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Am Fam Physician. 2022;105(5):479-486

This clinical content conforms to AAFP criteria for CME.

Author disclosure: No relevant financial relationships.

Tendinopathies of the foot and ankle, including posterior tibial, peroneal, and tibialis anterior, are commonly overlooked by primary care physicians. The posterior tibial tendon is the main dynamic stabilizing muscle of the medial longitudinal arch. Patients who have posterior tibial tendinopathy present with medial ankle pain, pes planovalgus deformity, and a positive too many toes sign. Nonoperative treatment options include support for the medial longitudinal arch and physical therapy focusing on eccentric exercises. Surgical treatment is considered for patients who do not respond to nonoperative treatments after three to six months and is based on the specific stage of tendinopathy. Peroneal tendon disorders are commonly mistaken for or occur concomitantly with lateral ankle sprains. Varus hindfoot is a known risk factor for peroneal tendinopathy. Treatments include immobilization, laterally posted orthotics, and physical therapy for progressive tendon loading. Tibialis anterior tendinopathy presents as anterior ankle and medial midfoot pain and can be diagnosed with a positive tibialis anterior passive stretch test. Initial treatment includes immobilization followed by physical therapy. Surgical debridement can be considered if nonoperative treatment is ineffective.

Lower extremity musculoskeletal conditions, such as ankle sprains,1 Achilles tendinopathy,2,3 and plantar fasciitis,3 are commonly diagnosed by primary care physicians, whereas other tendon injuries involving the medial (i.e., posterior tibial), lateral (i.e., peroneal), and anterior (i.e., tibialis anterior) ankle can be missed. The biomechanics of the foot and ankle are intricate. They are responsible for energy absorption and transfer during propulsion, stability during stance, and proprioception. Abnormal mechanics can result in connective tissue changes and alterations in muscle function. Tendinopathy refers to tendon degeneration without substantial inflammation and a generally chronic presentation. The cause of tendinopathy is often multifactorial, involving intrinsic and extrinsic risk factors (Table 1).47 The anatomy (Figure 18) and pathophysiology of ankle tendinopathy have been described in detail.2 This article reviews the diagnosis and treatment of posterior tibial, peroneal, and tibialis anterior tendinopathies (Table 2).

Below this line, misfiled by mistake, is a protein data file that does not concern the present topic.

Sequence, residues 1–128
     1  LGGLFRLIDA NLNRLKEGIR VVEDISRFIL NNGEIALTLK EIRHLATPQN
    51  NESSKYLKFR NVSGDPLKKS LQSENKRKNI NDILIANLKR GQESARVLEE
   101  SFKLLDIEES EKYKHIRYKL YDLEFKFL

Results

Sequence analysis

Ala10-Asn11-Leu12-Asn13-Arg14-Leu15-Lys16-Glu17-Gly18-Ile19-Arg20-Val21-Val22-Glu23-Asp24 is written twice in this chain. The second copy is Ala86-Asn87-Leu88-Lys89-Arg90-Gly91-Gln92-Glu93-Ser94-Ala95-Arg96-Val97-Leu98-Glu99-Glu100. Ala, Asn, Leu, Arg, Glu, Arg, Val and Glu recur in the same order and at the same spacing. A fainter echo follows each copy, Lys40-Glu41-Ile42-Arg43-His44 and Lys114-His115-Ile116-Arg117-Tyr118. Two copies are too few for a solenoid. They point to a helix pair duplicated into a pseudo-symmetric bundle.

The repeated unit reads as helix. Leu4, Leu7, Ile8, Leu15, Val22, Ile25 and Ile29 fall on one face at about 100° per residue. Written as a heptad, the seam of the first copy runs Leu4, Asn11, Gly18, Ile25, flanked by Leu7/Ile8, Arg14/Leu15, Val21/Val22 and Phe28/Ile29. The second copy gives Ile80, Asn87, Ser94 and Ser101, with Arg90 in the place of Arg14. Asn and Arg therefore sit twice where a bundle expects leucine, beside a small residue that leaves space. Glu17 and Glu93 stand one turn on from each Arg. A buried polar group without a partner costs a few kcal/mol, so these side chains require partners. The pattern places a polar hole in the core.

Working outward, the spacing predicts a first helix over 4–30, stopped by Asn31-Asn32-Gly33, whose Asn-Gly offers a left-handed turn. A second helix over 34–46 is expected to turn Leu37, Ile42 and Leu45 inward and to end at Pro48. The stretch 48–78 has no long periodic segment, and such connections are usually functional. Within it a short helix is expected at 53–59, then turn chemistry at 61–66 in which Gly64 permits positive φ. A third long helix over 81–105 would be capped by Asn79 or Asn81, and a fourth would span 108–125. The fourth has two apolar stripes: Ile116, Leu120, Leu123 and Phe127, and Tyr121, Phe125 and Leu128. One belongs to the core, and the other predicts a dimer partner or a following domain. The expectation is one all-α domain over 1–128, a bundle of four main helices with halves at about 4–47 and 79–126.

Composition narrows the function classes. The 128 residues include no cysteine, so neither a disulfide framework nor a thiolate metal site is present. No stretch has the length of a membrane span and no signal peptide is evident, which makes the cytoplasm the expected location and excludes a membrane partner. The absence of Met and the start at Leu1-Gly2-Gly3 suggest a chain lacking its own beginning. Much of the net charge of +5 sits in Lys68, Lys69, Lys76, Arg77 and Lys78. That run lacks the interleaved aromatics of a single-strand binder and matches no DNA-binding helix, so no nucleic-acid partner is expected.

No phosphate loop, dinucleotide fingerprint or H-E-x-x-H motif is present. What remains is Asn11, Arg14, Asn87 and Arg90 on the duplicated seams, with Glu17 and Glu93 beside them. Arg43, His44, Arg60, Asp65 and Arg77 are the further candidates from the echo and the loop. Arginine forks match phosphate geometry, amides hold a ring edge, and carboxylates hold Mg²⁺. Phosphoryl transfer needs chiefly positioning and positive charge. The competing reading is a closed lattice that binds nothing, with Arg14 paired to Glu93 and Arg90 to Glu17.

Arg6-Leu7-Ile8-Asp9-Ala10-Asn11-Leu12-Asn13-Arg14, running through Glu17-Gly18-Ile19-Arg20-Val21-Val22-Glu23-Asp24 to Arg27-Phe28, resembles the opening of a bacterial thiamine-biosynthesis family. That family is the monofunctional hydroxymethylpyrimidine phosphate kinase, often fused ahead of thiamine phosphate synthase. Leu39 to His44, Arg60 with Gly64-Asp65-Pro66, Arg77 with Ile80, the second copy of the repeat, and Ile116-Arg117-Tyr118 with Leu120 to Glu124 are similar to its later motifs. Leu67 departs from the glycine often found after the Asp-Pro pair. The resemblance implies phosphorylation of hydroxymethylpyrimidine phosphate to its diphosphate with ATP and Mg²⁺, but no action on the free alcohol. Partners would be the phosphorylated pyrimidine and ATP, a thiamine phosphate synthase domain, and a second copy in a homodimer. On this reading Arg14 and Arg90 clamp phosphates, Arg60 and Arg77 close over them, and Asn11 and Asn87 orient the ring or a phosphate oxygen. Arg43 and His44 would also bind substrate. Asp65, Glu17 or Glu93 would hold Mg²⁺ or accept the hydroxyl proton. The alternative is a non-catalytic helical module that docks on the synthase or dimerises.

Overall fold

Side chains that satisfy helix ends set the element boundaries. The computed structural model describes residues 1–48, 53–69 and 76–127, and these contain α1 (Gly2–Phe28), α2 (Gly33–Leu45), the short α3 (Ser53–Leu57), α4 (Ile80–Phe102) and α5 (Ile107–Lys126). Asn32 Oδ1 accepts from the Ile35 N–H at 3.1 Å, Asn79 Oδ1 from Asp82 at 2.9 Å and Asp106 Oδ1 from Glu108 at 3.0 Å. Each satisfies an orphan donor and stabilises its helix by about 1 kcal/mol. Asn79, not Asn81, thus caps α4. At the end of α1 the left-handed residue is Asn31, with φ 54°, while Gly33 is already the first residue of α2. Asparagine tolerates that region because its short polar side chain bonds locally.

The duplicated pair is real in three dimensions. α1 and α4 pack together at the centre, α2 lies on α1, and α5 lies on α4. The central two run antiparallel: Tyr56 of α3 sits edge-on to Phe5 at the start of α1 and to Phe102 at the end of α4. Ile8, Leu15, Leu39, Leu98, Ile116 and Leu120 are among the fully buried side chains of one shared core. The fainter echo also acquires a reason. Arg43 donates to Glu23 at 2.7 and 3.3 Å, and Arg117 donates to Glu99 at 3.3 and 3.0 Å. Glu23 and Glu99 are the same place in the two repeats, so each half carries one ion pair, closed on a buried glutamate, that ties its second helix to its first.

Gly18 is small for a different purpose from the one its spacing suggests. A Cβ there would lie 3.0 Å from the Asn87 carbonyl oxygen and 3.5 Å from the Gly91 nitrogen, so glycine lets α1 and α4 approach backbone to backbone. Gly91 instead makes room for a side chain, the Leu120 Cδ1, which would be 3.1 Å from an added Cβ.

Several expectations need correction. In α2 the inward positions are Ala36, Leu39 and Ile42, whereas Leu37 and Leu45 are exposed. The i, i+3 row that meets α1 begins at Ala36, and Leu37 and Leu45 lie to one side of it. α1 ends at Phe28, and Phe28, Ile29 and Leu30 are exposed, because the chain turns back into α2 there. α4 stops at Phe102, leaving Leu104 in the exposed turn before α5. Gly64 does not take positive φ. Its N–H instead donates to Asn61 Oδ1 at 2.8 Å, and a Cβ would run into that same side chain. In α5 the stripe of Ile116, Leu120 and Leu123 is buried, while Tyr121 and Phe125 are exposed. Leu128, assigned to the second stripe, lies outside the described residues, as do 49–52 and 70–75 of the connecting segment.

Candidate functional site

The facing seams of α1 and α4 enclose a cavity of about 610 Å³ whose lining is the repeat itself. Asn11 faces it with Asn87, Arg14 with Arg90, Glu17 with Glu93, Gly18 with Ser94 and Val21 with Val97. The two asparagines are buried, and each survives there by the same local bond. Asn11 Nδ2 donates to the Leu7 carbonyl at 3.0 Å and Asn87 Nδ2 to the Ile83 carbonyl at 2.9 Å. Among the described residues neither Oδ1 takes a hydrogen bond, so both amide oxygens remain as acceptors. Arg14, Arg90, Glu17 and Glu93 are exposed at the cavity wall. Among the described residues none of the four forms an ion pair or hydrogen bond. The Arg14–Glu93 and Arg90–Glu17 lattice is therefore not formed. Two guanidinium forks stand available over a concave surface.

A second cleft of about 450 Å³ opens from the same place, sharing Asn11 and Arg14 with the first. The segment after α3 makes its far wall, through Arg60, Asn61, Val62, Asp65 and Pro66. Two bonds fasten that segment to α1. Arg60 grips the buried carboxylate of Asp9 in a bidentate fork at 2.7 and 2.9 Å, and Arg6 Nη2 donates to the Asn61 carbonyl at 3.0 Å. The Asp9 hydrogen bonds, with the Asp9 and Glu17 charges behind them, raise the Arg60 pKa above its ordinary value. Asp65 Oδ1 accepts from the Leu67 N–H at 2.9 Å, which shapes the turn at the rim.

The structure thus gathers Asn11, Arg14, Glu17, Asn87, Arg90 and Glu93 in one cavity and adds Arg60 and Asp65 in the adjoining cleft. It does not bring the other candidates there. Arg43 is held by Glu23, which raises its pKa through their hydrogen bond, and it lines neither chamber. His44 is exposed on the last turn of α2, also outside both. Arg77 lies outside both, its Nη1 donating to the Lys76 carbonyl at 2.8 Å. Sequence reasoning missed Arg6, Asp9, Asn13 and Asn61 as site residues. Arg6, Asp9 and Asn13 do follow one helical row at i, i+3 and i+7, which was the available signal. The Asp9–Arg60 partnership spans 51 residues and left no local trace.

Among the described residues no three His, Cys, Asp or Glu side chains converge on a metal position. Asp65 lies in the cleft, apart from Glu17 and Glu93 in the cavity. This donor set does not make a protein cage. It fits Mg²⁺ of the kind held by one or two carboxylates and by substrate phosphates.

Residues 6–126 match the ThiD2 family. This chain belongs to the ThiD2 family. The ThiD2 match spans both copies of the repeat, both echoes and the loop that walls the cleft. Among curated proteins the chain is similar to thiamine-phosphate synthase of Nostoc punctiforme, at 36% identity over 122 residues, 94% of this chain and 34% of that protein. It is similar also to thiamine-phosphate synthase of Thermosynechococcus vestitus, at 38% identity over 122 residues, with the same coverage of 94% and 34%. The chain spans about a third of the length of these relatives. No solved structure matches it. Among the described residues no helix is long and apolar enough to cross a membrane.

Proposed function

Intrinsic factors
Age-related: decreased healing response, decreased vascularity, increased tendon stiffness, middle age (women), tendon degeneration4,5
Anatomic: eccentric muscle use, imbalance, inflexibility, malalignment, muscle weakness4
Systemic: collagen vascular disease, diabetes mellitus, gout, hypertension, inflammatory enthesophytes, obesity, smoking47
Extrinsic factors
Corticosteroid exposure, improper activity or exercise form, inappropriate use of equipment, lack of protective gear, mechanical overload4
ConditionDiagnosisPhysical examinationTreatment
Posterior tibial tendinopathyPain around the posteromedial ankle that radiates along the arch of the foot; pain worsened with weight-bearing activityPes planovalgus deformity; positive too many toes sign; pain or inability to perform single-limb heel raise; pain or weakness with resisted inversion of plantar-flexed footActivity modification; arch support (taping, orthotics, a brace with air cell to lift arch); immobilization with walking boot; physical therapy (eccentric exercises)
Peroneal tendinopathyPeroneal brevis pain posterior to the lateral malleolus; peroneal longus pain distal at the lateral cuboidHindfoot varus; pain with passive stretch in inversion and dorsiflexion; pain or weakness with active resisted eversion and plantar flexionActivity modification; orthotics (lateral hindfoot post, lateral forefoot wedge); immobilization with walking boot; physical therapy; corticosteroid injections